I was at an event last night hosted by Women's Post and a woman entrepreneur in the audience who was in the events planning business in Ontario asked why harmonized sales tax (HST) was charged being charged on gratuities (she had noticed this since the implementation of HST). She noticed that venues and caterers were quoting (1) the charge for the room and/or (2) the food/beverages and (3) a mandatory gratuity and that HST was being charged on all charges, including the gratuity.
The answer is that the Canada Revenue Agency (CRA) considers the mandatory gratuity to be extra consideration for the supply (say, of the venue.food/beverages/etc) rather than a contribution towards the salary (non-taxable) of the employees that will be working the event. The CRA had taken this position with the goods and services tax (GST). GST/HST is payable on the consideration for the supply and since the gratuity is considered by the CRA to be additional consideration, it goes into the calculation/formula. As a result, the CRA takes the position that GST/HST is payable on the added consideration that is the gratuity portion.
I have seen the same analysis used by CRA when they look at gratuities paid on restaurant meals, resort vacation packages, hair salon services, spa services, etc - whenever there is a mandatory gratuity OR when the gratuity is included in credit card payment (that is the recipient pays adds a gratuity to a credit card payment). For example, when I go to the hair salon, I pay by VISA. Before I indicate my PIN number when I use my chip card, I am asked whether I wish to add a tip or gratuity and I usually add 15%-20% of the tax-excluded price for the services rendered. The CRA when auditing such service providers/venues, adds the gratuity amounts to the consideration for the services and calculates the GST/HST owing.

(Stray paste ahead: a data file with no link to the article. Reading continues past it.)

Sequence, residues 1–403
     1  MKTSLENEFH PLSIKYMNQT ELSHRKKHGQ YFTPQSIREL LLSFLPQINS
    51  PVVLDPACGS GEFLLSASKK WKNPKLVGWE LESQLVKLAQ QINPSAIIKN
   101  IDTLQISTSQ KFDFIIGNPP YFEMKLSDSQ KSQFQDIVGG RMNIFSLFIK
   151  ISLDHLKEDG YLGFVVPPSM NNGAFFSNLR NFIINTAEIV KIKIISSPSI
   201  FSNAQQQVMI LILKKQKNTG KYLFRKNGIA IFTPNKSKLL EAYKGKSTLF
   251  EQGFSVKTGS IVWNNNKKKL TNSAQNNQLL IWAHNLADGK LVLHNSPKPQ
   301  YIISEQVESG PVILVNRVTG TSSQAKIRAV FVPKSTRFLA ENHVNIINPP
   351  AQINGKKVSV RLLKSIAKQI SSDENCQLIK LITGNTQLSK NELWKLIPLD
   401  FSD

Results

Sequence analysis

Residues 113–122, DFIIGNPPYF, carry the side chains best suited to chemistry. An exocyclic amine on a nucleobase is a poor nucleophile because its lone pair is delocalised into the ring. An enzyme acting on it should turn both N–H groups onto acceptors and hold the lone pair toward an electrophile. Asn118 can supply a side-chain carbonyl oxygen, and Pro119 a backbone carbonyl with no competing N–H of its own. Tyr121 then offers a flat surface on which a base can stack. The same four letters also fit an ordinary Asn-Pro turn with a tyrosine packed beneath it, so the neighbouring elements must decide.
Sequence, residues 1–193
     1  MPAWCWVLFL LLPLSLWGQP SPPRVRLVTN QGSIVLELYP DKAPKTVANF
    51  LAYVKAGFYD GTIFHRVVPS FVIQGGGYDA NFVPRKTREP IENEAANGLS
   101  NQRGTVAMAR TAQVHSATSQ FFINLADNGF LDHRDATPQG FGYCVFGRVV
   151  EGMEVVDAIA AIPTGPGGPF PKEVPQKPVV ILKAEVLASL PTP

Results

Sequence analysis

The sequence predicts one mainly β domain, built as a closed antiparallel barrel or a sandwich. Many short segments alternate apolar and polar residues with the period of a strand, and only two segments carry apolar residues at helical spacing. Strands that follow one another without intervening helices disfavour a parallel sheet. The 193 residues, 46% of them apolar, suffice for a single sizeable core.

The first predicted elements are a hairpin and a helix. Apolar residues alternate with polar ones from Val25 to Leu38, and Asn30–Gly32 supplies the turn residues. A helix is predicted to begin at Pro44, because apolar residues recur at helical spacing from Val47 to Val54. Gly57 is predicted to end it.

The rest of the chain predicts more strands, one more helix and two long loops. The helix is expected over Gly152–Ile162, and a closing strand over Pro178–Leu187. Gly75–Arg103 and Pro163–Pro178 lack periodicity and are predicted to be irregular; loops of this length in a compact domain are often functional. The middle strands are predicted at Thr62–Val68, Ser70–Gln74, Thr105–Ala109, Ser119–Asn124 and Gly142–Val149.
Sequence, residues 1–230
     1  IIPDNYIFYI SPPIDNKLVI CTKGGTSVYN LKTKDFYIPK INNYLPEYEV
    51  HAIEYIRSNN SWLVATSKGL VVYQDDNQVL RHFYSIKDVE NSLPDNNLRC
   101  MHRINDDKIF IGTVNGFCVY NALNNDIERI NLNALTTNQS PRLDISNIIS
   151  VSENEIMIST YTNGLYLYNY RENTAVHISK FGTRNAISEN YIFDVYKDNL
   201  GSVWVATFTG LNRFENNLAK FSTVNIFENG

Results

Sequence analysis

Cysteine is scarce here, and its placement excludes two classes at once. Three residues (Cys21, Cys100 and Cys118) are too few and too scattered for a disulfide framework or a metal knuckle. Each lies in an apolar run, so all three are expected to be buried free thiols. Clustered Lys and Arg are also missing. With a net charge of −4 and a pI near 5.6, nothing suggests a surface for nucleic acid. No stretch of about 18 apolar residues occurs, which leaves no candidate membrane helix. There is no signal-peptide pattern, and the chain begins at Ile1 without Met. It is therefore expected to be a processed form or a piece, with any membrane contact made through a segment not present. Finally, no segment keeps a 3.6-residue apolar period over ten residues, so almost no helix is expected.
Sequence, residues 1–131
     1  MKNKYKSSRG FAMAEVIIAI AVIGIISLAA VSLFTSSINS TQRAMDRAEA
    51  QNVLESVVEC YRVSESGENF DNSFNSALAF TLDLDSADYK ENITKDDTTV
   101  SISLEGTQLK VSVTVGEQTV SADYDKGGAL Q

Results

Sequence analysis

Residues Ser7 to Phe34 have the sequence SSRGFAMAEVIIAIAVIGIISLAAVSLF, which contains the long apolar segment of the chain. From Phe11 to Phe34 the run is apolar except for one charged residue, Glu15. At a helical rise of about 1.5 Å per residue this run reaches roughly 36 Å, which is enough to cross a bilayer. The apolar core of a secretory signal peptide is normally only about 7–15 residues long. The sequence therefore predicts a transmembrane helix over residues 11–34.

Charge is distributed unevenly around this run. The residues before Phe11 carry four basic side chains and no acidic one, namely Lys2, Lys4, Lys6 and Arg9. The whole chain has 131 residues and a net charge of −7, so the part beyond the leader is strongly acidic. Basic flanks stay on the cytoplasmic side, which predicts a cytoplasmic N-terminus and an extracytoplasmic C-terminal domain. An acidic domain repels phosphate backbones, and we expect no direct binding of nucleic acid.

Based on the cases I have seen, often the service provider does not charge the GST/HST on the gratuity portion and has to dip into their pockets to pay a substantial assessment.
The morale of the story is that when possible, recipients should give waitresses/waiters and service providers cash tips when they are adding an amount to the bill for the exceptions services performed by the individual to the recipient. If the gratuities are in the invoices or in the credit card payments 13/113 of the amount in Ontario (12/112 in BC, 15/115 in NS, 113/113 in Nfld/Lab. and NB) will not go to the waitress/service provider and will be remitted to the Receiver General of Canada. This is unfortunate because the individuals affected are making low hourly wages and rely on the gratuities as employment income (to make ends meet).
I have been involved in structuring the payments so that more money goes to the real people who work very hard for the additional employment income - it is possible if a business plans in advance of the CRA visit.